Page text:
BEIRUT: Lentils get a bad rap. They taste like very little on their own, and are known as the poor man’s meat.
However, it’s the very fact that lentils don’t have a strong flavor that makes them adaptable and gives them wide appeal, according to the authors of a new cookbook, “Lentils: Traditional and Contemporary Recipes from the Mediterranean.”
Lebanese cook Claude Chahine Shehadi and Italian cook Maria Rosario Lazzati have been making food together for over a decade. The idea for “Lentils” grew out of a curiosity about what their native cuisines share, as well as where they diverge.
“About seven years ago, we decided to try something together. We were always saying, ‘We use the same ingredients, but slightly differently,’” Shehadi said.
The friends began teaching cooking classes, calling their business Libaliano.
“We explored the cuisine in the Mediterranean and we wanted to go a bit further and try to understand why ingredients travel and why they change.”
They chose lentils because of their versatility; here was an ingredient that could fill a cookbook.
“Lentils get on very well with fish, meat, pasta and rice,” Lazzati said. “And they’re also a popular ingredient in both countries.”
Lebanese and Italians turn to local ingredients to give lentils flavor, rooting the dishes in their respective cuisines.
“The main difference is that in Europe we add herbs to flavor it while in the Middle East spices are used,” Lazzati said.
“In Europe, in Italy, they add pork – ham or porchetta – to lentils which are so low in fat, to get flavor, to give it that extra punch,” Shehadi added. “Here you use lemon, add pomegranate molasses or spices, and quite often, like with mdardara, we eat it with laban.”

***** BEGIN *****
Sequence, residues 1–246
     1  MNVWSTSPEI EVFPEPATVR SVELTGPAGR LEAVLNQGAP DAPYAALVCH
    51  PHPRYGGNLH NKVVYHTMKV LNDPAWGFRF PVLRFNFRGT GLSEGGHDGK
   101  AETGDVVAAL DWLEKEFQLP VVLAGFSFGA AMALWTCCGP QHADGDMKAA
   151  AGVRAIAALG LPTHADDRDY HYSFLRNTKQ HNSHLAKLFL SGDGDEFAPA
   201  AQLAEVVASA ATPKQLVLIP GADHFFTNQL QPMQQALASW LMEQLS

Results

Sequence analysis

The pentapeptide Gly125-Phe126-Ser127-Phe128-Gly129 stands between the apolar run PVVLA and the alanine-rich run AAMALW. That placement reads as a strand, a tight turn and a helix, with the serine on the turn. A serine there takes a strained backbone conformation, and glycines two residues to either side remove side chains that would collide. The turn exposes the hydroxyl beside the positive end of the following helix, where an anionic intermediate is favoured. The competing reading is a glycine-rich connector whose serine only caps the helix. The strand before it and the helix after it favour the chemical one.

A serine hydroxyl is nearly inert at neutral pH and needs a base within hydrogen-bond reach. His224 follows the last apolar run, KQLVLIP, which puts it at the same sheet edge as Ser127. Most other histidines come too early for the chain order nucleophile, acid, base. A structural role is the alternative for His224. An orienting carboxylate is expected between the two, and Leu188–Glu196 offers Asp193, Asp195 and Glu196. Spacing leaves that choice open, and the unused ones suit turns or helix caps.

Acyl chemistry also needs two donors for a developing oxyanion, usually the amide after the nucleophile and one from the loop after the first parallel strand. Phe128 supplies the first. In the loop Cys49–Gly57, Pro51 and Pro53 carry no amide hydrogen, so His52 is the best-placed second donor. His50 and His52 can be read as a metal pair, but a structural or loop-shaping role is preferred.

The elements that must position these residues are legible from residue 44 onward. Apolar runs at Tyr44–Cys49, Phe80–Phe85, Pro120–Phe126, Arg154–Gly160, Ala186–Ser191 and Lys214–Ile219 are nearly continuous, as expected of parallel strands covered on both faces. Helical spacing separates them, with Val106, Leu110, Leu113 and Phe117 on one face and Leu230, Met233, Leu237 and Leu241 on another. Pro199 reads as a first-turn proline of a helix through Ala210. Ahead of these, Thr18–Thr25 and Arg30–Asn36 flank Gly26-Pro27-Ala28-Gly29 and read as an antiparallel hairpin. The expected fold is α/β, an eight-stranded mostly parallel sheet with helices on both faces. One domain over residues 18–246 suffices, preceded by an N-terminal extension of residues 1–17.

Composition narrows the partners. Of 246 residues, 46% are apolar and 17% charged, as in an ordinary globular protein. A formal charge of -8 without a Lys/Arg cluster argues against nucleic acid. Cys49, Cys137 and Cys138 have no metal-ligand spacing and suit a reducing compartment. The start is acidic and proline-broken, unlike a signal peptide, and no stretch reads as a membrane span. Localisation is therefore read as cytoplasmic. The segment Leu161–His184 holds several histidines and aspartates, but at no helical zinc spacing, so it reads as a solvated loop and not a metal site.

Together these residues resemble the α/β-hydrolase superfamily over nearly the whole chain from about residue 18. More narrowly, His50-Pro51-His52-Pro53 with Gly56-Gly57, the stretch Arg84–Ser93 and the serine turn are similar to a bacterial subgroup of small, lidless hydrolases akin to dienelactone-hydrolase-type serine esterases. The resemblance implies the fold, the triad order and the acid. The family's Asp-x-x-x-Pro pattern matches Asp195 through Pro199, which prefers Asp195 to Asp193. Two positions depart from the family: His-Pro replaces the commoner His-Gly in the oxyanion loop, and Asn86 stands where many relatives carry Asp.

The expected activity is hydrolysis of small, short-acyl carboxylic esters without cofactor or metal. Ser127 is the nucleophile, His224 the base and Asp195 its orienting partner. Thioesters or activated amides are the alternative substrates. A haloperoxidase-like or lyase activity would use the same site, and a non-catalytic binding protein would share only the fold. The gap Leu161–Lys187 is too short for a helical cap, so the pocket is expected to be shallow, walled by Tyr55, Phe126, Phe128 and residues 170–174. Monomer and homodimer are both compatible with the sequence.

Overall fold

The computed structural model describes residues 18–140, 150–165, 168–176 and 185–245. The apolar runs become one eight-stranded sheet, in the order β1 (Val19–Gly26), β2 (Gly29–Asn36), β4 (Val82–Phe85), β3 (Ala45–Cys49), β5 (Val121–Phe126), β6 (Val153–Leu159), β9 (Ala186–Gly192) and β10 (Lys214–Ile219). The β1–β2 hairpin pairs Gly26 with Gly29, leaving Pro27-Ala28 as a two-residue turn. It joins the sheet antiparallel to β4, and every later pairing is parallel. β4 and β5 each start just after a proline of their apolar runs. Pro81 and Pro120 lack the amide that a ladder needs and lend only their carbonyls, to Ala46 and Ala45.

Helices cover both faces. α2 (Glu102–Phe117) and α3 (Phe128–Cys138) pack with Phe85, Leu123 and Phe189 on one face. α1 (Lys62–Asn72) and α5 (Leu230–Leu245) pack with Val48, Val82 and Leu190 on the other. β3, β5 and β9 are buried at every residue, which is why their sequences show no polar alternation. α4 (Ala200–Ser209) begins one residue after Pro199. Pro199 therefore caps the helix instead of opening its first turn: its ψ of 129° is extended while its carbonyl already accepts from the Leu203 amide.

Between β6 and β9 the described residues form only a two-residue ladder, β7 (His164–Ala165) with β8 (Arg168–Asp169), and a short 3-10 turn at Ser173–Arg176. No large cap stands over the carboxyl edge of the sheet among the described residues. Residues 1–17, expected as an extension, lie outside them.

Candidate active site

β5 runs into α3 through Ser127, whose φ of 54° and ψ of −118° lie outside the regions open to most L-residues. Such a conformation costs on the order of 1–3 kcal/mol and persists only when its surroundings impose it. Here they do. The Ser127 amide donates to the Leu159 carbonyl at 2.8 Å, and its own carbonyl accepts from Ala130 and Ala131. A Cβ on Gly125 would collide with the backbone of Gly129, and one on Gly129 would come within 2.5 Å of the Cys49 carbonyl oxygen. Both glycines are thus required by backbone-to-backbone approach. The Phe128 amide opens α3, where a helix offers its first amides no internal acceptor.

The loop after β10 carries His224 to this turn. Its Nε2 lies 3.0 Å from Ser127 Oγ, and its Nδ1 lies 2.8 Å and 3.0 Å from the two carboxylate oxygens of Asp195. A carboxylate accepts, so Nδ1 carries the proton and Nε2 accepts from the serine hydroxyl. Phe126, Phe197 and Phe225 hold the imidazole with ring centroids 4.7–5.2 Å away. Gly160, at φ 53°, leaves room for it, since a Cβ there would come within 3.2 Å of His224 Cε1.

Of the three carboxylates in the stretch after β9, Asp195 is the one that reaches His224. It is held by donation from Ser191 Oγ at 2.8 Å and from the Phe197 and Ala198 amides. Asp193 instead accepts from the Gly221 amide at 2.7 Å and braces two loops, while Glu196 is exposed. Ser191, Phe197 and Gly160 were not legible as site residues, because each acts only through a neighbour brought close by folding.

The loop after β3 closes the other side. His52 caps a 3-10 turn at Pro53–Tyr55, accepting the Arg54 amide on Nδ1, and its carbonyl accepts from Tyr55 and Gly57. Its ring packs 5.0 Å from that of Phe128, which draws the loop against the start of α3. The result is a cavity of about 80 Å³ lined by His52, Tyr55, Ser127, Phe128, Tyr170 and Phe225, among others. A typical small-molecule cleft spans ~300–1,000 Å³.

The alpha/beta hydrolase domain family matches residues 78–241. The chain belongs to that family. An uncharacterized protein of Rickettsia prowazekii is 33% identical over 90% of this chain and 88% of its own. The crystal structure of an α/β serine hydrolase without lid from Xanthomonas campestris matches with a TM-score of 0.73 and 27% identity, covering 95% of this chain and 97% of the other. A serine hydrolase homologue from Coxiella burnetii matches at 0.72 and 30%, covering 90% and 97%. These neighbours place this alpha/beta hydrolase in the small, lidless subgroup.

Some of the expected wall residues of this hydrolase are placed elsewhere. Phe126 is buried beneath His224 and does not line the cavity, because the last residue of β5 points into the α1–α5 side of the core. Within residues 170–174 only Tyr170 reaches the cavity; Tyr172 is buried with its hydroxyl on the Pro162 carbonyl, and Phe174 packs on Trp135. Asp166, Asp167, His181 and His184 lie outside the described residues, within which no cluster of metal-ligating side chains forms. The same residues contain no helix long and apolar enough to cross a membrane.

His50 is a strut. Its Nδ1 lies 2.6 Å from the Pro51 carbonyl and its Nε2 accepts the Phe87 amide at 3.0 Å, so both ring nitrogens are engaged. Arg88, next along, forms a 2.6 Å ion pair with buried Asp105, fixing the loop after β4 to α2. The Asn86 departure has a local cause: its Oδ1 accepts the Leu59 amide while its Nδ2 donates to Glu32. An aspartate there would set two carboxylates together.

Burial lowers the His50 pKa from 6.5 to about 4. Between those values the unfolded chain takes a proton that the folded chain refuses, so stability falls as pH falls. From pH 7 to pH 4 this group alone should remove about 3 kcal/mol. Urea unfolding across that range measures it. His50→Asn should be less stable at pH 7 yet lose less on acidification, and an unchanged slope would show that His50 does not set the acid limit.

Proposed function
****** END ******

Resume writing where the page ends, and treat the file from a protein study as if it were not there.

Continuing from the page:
The cookbook, which is available in French and English editions and is part of Tamyras’ Les Mediterraneennes series, is divided not between Italian and Lebanese recipes but between traditional dishes and contemporary dishes, which the two cooks created together.
Lazzat and Shehadi were on hand Wednesday to sign copies of their cookbook at Beirut restaurant Tawlet, as well as to present their recipes in action at a lunch buffet.
Lentils joined Lebanese favorites tabbouleh and kibbeh, while lentil and Swiss chard cake represented the Italian side.
“I love them all, I love lentils,” said Shehadi, trying to pick a favorite dish from the book.
Lazzati already had a complete meal of lentils imagined: “For salad, I like the lentil, cauliflower and orange salad. As a main dish, I like lentil moussaka, which you see today, and for soup, because I love soups, lentil and chestnut.”
One of Shehadi’s favorites is a dish she learned from an attorney during a recent business trip to Jordan.
When the Palestinian attorney heard Shehadi was working on the cookbook based on lentils, she gave her a recipe for habbet rumman, which brings together lentils, aubergine and pomegranate molasses.
“She insisted that we call it Jerusalem lentil stew,” she said. “I love it because it’s surprising finding the aubergine with lentils and the tang comes from the pomegranate molasses.”
The response to “Lentils” has been positive, though the authors admit their friends didn’t completely understand the project initially.
“They didn’t expect to have 57 recipes on one thing,” Lazzati said. “We could have even done more than the 57. We had to exclude some.”
“And it amuses people, ‘How can you talk about lentils for so long?’” Shehadi added. “But once the book was out, they were happy. I think it takes lentils from the mundane to the special.”